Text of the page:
Grandmother: That University student who is doing his doctorate under your dad’s guidance?
Hema (Embarassed) I know she is doing her B.A. in English and reads a lot. But Grandma, remember, I read out David Copperfield to you? We have to study the abridged version and it seems they study the original in college. Raghav and she were discussing Steerforth’s character yesterday. I tried to pitch in, but both just ignored me.
Grandmother ( Sighs) Oh, the agonies of the young!
Hema: Don’t you start making fun of me too!
Grandmother: Who said I was? I can understand you perfectly.
Hema: You know Grandma, I feel murderous at times! Am I being dramatic?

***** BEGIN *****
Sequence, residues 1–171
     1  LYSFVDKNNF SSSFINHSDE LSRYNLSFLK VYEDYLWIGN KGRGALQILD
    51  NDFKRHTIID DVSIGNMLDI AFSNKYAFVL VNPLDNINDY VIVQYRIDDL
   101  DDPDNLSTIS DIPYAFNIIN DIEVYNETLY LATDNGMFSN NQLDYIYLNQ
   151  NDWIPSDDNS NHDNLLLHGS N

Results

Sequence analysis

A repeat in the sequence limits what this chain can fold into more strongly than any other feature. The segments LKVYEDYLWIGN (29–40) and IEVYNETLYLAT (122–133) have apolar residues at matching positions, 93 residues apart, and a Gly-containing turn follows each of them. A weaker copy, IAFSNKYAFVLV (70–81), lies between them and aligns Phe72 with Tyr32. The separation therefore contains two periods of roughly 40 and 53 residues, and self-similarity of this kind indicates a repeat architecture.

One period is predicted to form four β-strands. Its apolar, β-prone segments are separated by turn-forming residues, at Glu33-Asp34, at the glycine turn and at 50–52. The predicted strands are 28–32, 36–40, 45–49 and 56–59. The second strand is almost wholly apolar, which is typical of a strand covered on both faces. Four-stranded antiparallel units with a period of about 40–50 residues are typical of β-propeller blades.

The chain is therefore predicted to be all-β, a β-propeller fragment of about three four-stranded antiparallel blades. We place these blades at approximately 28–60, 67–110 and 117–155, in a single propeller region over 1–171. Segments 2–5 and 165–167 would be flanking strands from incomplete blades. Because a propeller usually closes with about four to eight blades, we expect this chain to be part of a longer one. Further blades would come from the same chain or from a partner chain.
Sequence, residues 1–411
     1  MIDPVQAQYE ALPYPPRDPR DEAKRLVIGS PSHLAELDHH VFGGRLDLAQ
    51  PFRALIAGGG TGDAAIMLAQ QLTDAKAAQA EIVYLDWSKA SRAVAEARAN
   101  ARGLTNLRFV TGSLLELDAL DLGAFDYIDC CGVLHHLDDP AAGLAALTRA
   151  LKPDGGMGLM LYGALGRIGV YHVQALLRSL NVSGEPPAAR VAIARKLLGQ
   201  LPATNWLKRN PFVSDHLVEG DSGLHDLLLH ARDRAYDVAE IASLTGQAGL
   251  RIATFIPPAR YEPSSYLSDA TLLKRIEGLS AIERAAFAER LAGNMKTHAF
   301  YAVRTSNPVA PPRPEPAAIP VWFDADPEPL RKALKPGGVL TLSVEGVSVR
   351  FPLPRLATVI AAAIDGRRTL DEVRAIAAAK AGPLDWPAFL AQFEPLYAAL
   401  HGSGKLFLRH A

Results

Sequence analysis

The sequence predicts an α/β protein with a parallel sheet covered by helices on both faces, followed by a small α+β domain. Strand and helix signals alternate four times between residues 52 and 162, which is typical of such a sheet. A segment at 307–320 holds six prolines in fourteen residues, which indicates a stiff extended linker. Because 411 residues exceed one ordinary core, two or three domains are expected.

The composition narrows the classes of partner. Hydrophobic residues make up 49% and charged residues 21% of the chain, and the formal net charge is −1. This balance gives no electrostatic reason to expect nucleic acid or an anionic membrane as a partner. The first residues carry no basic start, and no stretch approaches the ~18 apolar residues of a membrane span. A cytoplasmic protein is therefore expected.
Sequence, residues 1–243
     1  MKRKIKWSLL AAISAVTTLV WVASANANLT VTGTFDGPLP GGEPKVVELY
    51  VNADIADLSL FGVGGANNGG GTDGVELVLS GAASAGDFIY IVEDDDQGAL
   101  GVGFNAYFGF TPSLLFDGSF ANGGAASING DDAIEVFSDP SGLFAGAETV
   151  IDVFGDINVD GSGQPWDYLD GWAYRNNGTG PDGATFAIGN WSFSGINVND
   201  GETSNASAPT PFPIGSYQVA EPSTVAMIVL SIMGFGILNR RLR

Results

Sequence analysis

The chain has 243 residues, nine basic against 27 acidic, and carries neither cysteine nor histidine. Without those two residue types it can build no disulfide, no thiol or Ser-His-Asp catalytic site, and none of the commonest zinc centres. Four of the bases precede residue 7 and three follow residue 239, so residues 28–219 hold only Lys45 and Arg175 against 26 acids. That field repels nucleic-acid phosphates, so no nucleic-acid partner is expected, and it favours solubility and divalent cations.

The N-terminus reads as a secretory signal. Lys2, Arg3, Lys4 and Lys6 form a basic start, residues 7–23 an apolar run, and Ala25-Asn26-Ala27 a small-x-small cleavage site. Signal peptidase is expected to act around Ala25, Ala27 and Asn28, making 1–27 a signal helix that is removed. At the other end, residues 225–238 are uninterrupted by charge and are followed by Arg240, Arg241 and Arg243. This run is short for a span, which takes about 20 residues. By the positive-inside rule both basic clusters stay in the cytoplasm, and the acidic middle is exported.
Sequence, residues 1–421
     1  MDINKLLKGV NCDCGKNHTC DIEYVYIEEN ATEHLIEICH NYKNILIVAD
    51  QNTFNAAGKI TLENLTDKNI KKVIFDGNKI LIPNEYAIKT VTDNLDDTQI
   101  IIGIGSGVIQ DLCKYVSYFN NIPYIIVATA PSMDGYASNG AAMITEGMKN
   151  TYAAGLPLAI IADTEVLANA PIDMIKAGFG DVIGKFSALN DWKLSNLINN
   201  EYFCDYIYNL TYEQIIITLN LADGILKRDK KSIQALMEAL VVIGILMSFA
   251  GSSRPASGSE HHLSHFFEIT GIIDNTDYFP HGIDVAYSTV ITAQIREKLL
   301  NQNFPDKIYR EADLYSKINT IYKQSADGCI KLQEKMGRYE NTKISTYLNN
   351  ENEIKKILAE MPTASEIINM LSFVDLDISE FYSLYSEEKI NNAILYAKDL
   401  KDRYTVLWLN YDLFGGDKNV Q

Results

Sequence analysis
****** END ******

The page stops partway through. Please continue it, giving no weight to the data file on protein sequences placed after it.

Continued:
Grandmother (Looks away through the window at the setting sun…Darkness creeps in through the skies. There is an eerie silence) No, you are not. Humans feel like that sometimes. It is because we love deeply.
Hema: (Upset) Love? Who is in love here?
Grandmother : Let me tell you a story.
Hema: ( Interested suddenly) Yes?
Grandmother: There were these two girls in a family, you see…One was very pretty and vivacious…the apple of everyone’s eye. The younger girl. The elder one was rather plain featured. You know that people have this prejudice about fair skin in these parts. Well, the elder girl was dusky to boot. The villagers referred to her as the ‘kakkappoovu’ in the family of beauties. The ‘Crow flower’ which unobtrusively grows in wet grounds and river edges. Dark and solemn; with a touch of purple. Looks like a little black crow actually!
Hema (Eagerly) And then?